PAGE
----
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Field Test Best Practices: A Resource for Practical Residential Building Science

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Gas Tankless Water Heater


A gas tankless water heater shown
with an expansion tank
Credit: Behrat, Wikimedia Commons

Gas tankless water heaters use natural gas combustion to deliver hot water when it is needed in the house, rather than maintaining a tank of hot water. Tank type water heaters need to supply enough energy to heat the tank of water and to compensate for heat transfer losses through the tank. Tankless water heaters do not have tank losses and so can be more efficient. Gas tankless water heaters have larger gas burners, needed to quickly heat water from the mains water temperature to the desired delivery temperature at the required flow rate. Gas tankless water heaters can sometimes have trouble with low flow rates. Very low flow rates will not trigger the burner to come on. Also, tankless water heater, both gas and electric, can create a "cold water sandwich." After one person in the house is done with their demand for hot water, the tankless water heater will turn off. When the next person asks for hot water, there may still be hot water in the pipes. The tankless water heater cannot immediately start heating water, so there will be a small amount of cold water in the lines, followed by newly heated hot water. This is not a problem in a tank style water heater, since demand for hot water will always be supplied from a preheated tank.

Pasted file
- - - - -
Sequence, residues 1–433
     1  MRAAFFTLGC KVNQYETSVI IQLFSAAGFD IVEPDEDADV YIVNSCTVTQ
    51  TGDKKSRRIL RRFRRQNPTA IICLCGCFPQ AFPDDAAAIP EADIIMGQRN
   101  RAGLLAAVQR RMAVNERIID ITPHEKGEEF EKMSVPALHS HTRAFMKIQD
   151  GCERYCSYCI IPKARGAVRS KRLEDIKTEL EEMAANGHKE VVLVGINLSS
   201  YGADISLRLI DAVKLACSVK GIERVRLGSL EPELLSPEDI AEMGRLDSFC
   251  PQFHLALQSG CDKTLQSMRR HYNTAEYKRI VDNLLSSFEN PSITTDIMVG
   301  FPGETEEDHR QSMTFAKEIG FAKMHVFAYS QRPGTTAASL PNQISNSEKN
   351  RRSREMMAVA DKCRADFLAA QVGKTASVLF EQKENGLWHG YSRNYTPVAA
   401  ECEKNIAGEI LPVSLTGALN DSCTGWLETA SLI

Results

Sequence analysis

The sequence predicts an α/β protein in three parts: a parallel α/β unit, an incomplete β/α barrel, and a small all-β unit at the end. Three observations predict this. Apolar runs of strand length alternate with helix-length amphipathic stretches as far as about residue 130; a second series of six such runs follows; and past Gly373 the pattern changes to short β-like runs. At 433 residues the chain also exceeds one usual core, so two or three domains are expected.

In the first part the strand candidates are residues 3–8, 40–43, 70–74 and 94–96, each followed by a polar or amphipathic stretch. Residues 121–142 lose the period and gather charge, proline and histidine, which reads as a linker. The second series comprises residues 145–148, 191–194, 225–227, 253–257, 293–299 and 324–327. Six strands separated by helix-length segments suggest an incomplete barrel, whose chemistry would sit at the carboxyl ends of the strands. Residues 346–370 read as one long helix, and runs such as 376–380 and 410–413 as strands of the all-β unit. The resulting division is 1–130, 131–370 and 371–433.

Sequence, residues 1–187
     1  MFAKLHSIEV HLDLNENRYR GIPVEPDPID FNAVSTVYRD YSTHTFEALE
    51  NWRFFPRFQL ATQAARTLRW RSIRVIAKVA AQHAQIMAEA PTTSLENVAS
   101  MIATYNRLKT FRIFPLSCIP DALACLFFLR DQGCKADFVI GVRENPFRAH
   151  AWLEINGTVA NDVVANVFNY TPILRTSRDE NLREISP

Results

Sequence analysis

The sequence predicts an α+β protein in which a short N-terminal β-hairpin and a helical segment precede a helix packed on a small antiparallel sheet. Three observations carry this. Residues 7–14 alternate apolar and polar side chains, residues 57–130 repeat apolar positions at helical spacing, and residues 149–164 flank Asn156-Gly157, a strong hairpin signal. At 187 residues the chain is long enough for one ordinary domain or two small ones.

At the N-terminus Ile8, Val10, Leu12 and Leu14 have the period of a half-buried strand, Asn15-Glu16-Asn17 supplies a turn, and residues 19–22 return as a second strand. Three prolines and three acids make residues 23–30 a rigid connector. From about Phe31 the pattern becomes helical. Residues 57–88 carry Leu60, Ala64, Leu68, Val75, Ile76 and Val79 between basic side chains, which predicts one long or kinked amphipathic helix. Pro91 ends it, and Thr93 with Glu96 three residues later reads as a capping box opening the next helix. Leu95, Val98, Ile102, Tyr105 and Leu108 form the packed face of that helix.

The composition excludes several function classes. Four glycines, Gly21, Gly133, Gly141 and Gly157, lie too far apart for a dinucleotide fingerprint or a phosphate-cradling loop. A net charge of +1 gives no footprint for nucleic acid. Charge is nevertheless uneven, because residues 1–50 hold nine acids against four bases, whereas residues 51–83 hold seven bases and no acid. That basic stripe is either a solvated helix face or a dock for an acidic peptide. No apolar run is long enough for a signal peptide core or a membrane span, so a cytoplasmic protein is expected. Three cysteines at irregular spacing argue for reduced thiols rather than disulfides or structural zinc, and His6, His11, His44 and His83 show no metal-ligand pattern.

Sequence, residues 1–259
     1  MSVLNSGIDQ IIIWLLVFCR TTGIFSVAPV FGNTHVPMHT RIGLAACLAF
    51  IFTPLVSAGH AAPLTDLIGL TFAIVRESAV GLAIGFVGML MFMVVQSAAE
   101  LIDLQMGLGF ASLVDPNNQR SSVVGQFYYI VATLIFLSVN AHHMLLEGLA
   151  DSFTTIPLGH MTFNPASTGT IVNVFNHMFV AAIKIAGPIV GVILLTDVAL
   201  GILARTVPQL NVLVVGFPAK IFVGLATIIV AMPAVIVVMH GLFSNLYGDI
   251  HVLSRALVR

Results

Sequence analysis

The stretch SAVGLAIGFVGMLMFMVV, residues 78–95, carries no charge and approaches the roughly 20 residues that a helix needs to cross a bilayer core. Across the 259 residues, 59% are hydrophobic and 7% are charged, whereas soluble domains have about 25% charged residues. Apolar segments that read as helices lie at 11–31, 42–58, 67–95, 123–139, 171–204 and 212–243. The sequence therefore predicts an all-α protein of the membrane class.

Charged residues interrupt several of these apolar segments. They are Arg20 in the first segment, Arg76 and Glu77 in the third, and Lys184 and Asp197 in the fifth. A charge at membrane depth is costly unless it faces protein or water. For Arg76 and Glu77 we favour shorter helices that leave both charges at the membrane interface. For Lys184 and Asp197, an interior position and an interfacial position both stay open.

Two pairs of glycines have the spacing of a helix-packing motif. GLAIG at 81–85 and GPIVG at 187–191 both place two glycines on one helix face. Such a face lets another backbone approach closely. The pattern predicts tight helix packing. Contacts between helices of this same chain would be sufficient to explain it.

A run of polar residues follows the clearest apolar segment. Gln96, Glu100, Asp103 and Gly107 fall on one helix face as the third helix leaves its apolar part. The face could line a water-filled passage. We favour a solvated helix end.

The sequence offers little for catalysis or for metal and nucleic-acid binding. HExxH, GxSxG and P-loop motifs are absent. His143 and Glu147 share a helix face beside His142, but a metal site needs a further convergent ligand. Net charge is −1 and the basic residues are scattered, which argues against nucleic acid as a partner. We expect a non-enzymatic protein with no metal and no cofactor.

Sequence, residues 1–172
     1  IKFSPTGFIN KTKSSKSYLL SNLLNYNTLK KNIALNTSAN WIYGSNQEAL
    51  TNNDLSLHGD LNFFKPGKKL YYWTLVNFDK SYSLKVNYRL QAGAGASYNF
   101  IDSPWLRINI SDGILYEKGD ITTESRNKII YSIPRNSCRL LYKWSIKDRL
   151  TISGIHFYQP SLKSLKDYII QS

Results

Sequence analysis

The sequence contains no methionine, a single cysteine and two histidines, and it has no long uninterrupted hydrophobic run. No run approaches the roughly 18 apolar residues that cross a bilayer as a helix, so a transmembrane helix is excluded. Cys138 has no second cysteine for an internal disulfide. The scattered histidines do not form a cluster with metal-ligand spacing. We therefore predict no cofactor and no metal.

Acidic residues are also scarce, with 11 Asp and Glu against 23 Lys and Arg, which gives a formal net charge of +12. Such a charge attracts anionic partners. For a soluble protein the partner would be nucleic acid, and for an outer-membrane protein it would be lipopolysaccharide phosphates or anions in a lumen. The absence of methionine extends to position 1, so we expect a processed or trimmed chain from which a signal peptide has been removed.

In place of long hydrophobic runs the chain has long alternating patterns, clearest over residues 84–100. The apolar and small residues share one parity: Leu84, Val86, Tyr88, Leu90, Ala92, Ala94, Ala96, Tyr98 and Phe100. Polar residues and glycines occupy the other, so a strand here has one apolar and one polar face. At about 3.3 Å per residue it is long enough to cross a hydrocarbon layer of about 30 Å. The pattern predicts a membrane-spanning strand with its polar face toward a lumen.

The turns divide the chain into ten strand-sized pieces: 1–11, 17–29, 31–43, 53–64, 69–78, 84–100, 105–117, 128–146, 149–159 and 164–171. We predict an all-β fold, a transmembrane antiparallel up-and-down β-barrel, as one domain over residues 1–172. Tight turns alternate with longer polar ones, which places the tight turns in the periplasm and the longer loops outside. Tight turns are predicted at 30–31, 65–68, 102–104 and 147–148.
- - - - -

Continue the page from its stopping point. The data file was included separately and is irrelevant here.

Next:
Recommended measurements for field tests involving gas tankless water heaters: